Vintage Capital and Inequality
AbstractIf machines are indivisible, a vintage capital model must give rise to income inequality. If new machines are always better than old ones and if society cannot provide everyone with a new machine all of the time, inequality will result. I explore this mechanism in detail. If technology resides in machines and if a firm or worker must use just one technology at a time, a variety of machines will be in use, and workers' productivities will differ. This is because not everyone can be given the latest vintage machine all of the time. Inequality thus originates in the limited capacity of the capital goods sector. If machine quality and skill are complements, a worker who is paired with the best machine will acquire more skill, and inequality persists indefinitely. Moreover, if the used equipment market or the process of labor turnover function without frictions, a perfect positive assignment between the quality of labor and of capital can be maintained by a process of continual reassignment. This serves to enhance the degree of equilibrium inequality. Paradoxically, in this type of model, free migration of labor across borders raises cross-country inequality instead of lowering it as it does in some other models. (Copyright: Elsevier)
Download InfoIf you experience problems downloading a file, check if you have the proper application to view it first. In case of further problems read the IDEAS help page. Note that these files are not on the IDEAS site. Please be patient as the files may be large.
As the access to this document is restricted, you may want to look for a different version under "Related research" (further below) or search for a different version of it.
Bibliographic InfoArticle provided by Elsevier for the Society for Economic Dynamics in its journal Review of Economic Dynamics.
Volume (Year): 1 (1998)
Issue (Month): 2 (April)
Contact details of provider:
Postal: Review of Economic Dynamics Academic Press Editorial Office 525 "B" Street, Suite 1900 San Diego, CA 92101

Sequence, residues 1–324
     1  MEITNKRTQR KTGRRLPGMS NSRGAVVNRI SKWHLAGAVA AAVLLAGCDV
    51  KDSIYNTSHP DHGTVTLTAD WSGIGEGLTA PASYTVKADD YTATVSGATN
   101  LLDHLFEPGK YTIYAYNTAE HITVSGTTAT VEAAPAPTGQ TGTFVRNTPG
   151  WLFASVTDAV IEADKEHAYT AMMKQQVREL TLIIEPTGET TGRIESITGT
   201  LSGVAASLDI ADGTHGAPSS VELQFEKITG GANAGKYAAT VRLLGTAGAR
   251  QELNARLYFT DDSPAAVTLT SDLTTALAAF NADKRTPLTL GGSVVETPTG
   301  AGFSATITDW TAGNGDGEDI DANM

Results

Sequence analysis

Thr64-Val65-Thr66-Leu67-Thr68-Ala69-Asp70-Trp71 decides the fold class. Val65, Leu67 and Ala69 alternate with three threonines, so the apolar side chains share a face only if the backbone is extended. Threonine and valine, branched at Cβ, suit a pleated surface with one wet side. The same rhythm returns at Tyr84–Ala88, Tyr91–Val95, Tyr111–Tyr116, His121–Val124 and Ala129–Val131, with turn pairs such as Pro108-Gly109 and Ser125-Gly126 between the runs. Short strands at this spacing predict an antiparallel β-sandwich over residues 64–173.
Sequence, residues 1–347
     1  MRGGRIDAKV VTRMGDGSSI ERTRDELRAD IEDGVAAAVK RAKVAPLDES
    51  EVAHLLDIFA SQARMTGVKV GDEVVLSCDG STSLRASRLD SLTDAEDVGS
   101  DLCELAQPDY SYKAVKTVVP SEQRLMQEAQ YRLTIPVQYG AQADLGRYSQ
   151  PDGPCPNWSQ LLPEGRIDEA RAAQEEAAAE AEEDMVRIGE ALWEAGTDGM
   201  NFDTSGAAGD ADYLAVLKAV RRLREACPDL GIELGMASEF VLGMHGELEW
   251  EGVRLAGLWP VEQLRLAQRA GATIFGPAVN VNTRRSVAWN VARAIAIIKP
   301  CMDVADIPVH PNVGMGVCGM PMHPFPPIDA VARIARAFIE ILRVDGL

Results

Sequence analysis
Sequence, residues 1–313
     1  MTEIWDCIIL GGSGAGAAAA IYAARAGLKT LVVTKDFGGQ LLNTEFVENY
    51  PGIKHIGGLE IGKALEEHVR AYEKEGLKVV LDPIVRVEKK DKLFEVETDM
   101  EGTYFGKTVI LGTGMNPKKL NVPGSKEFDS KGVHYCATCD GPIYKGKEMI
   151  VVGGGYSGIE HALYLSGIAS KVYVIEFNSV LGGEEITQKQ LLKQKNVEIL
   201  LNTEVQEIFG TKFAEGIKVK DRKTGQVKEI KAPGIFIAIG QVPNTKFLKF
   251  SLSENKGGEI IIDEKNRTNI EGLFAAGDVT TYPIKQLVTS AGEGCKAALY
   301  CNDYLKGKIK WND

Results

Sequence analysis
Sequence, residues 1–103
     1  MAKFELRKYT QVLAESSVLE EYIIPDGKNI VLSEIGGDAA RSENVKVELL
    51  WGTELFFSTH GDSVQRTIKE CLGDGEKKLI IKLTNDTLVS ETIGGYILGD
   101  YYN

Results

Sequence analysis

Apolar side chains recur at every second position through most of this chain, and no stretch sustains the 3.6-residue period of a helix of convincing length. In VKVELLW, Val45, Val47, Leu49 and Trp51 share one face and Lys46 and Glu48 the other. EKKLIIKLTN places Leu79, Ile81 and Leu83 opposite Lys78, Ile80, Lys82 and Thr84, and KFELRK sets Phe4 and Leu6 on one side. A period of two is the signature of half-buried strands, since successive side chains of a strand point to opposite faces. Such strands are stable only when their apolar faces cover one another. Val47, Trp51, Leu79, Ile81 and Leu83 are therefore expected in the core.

Web page: http://www.EconomicDynamics.org/review.htm
More information through EDIRC
Other versions of this item:
- O31 - Economic Development, Technological Change, and Growth - - Technological Change; Research and Development; Intellectual Property Rights - - - Innovation and Invention: Processes and Incentives
Please report citation or reference errors to , or , if you are the registered author of the cited work, log in to your RePEc Author Service profile, click on "citations" and make appropriate adjustments.:
- Jovanovic, Boyan, 1982. "Inflation and Welfare in the Steady State," Journal of Political Economy, University of Chicago Press, vol. 90(3), pages 561-77, June.
- Greenwood, J. & Hercowitz, Z. & Krusell, P., 1995.
"Long-Run Implications of Investment-Specific Technological Change,"
UWO Department of Economics Working Papers
9510, University of Western Ontario, Department of Economics.
- Greenwood, Jeremy & Hercowitz, Zvi & Krusell, Per, 1997. "Long-Run Implications of Investment-Specific Technological Change," American Economic Review, American Economic Association, vol. 87(3), pages 342-62, June.
- Greenwood, J. & Hercowitz, Z. & Krusell, P., 1996. "Long-Run Implications of Investment-Specific Technological Change," RCER Working Papers 420, University of Rochester - Center for Economic Research (RCER).
- Sattinger, Michael, 1975. "Comparative Advantage and the Distributions of Earnings and Abilities," Econometrica, Econometric Society, vol. 43(3), pages 455-68, May.
- Cooley, T.F. & Greenwood, J. & Yorukoglu, M., 1995.
"The Replacement Problem,"
UWO Department of Economics Working Papers
9508, University of Western Ontario, Department of Economics.
- Thomas F. Cooley & Jeremy Greenwood & Mehmet Yorukoglu, 1994. "The Replacement Problem," Working Papers 9408, Centro de Investigacion Economica, ITAM.
- Thomas F. Cooley & Jeremy Greenwood & Mehmet Yorukoglu, 1994. "The replacement problem," Discussion Paper / Institute for Empirical Macroeconomics 95, Federal Reserve Bank of Minneapolis.
- Cooley, T.F. & Greenwood, J. & Yorukoglu, M., 1997. "The Replacement Problem," RCER Working Papers 444, University of Rochester - Center for Economic Research (RCER).